Monday, March 24, 2008

WE PEOPLE - Miss Jamaica Universe and her hair

By Natasha G. Samuels

Zahra Redwood, 25, is the first Miss Jamaica to be crowned from the country’s Rastafarian faith and the first contestant to compete in the Miss Universe pageant with dreadlocks. While the University of West Indies graduate certainly met the standards (intelligence, articulate, beauty, cultured), her win symbolized acceptance (finally) of the countries minority religious sect.

Rastafarianism emerged in Jamaica in the 1930’s as a result of an interpretation of a Biblical prophecy based on the coronation of Ethiopia’s former Emperor, Haile Selassie I. Reggae artists such as Bob Marley brought the religion’s message of peaceful coexistence marijuana use and African repatriation to the world in the 70’s. Despite their positive contributions to Jamaican culture, Rastas’ have not always been accepted due to their traditional appearance and marijuana rituals. Zahra’s win was a victory for Rastafarians all over the world. Her crowning and participation in the Miss Universe pageant also brought relief to black women whose subjection to the good hair bad hair debates left psychological scars on their self-esteem.

During the live televised Miss Universe contest, it was amazing to see the “vilified” hair streaming down the shoulders of this confident black sister who embraced her hair not because she was trying to make a statement but because this is who she has been from birth. As a result, Zahra never considered that her hair would hinder or aid her chances in the pageant. In an interview with the Jamaican Observer shortly after her April 2007 win, Zahra said, “I really didn’t think of it at all. I am a package; my hair is not a separate entity…so I entered based on the characteristics that all contestants were asked to have, and I fit those.”

There was a lot of media focus on Zahra’s and Miss Tanzania (Flaviana Matata, who was hairless,) because the two contestants didn’t exactly fit the mold of traditional contestants who compete with coifed and fluffed manes of hair. Regarding comments that hers and Miss Tanzania’s entry changed the face of the pageant---she said “change is inevitable, so naturally something like this would have had to happen.” The questions (much of it from the international media) regarding her hair are not new to her either. In a recent interview with WE Zahra said, “from ever since I’ve been growing up I’ve been getting those kinds of questions. I’m just so used to all of that.” She said the questions regarding her hair started since primary school days and came from teachers, students, or people on the road. “I’ve just become accustomed to responding to those questions politely that right now it’s not a huge difference. To international persons locks is a part of the identity of a Jamaican so it actually never matter whether or not, as a matter of fact when you do have locks as a Jamaican the international forum actually sees you as an authentic Jamaican and that was the feed back I was getting when we first made our presentations of our costumes,” she said.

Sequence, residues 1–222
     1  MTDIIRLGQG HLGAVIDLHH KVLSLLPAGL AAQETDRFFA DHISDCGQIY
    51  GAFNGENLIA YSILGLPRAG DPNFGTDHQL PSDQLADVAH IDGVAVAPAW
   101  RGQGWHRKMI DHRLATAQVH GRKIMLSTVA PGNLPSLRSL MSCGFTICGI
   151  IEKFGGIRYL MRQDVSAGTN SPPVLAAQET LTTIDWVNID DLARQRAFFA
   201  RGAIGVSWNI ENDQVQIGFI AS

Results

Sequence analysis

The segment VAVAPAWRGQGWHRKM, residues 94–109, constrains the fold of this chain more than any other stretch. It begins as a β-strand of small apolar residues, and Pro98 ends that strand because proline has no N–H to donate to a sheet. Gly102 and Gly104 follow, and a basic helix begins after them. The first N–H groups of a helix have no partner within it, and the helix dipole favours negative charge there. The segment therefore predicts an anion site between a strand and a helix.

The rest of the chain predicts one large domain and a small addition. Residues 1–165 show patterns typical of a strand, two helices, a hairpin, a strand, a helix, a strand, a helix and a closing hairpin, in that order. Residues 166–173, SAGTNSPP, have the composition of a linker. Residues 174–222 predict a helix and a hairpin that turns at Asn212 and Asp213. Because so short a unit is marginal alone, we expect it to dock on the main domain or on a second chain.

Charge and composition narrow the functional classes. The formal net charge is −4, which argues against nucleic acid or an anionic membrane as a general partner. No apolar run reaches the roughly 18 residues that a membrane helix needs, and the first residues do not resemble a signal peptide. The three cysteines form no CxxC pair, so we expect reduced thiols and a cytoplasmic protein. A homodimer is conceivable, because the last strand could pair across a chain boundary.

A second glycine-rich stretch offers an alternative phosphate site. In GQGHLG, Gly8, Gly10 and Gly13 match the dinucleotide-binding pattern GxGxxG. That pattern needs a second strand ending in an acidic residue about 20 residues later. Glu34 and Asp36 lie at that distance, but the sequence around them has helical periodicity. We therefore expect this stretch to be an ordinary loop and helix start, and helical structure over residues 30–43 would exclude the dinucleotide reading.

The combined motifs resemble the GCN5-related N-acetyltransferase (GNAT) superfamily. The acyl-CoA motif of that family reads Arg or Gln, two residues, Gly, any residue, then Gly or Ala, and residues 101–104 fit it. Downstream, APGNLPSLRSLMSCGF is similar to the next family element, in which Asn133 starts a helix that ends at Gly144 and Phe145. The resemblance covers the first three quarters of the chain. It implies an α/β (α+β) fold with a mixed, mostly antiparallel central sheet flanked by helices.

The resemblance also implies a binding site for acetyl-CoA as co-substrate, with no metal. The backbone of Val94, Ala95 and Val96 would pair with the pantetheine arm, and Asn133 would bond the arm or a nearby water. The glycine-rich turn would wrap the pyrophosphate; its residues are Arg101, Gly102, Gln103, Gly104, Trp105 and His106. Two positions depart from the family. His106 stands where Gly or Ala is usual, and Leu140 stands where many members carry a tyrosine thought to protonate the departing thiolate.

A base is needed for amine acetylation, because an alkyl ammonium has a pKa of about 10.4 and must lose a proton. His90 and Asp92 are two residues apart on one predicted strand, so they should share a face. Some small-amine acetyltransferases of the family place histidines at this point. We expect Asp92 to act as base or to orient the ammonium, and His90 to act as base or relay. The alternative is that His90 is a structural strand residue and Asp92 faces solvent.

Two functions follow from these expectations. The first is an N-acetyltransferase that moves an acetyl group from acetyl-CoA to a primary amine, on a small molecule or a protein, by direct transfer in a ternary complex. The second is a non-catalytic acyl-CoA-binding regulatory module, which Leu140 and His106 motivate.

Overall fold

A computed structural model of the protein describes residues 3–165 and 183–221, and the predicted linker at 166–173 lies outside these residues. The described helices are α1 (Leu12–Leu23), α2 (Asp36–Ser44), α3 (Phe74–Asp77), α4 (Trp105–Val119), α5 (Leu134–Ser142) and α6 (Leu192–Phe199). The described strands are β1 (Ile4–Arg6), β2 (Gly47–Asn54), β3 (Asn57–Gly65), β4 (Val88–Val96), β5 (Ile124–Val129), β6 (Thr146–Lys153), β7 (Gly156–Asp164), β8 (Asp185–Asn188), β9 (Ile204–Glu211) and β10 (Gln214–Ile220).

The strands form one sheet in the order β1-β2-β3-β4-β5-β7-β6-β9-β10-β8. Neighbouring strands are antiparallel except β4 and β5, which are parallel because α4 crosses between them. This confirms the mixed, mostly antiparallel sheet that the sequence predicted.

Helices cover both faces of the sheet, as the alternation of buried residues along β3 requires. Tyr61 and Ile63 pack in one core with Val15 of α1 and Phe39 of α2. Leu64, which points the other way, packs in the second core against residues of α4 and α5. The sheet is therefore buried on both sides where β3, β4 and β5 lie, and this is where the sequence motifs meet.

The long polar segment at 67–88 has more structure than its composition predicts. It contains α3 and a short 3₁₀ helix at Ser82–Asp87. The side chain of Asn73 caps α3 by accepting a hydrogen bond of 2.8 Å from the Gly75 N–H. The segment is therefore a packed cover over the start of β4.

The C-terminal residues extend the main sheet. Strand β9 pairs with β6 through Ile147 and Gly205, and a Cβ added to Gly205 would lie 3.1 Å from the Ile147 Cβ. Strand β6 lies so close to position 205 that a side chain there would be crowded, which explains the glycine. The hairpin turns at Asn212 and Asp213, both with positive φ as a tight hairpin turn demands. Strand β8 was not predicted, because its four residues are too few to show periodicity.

Despite the media attention, she says she was not disappointed in not reaching the coveted top 15. “In everything you do, there must be something gained from it,” she said. She is however satisfied that she was able to make an impression and that she was able to inspire greater self-esteem and awareness in black people and black women.
Currently, Zahra is juggling her busy schedule as Miss Jamaica with a new position as a Medical Representative for Astra Zeneca Pharmaceuticals in Jamaica. She is planning to publish a book, which will showcase her most glamorous hairstyles, which she styles herself. Her reign as Miss Jamaica ends April 2008.

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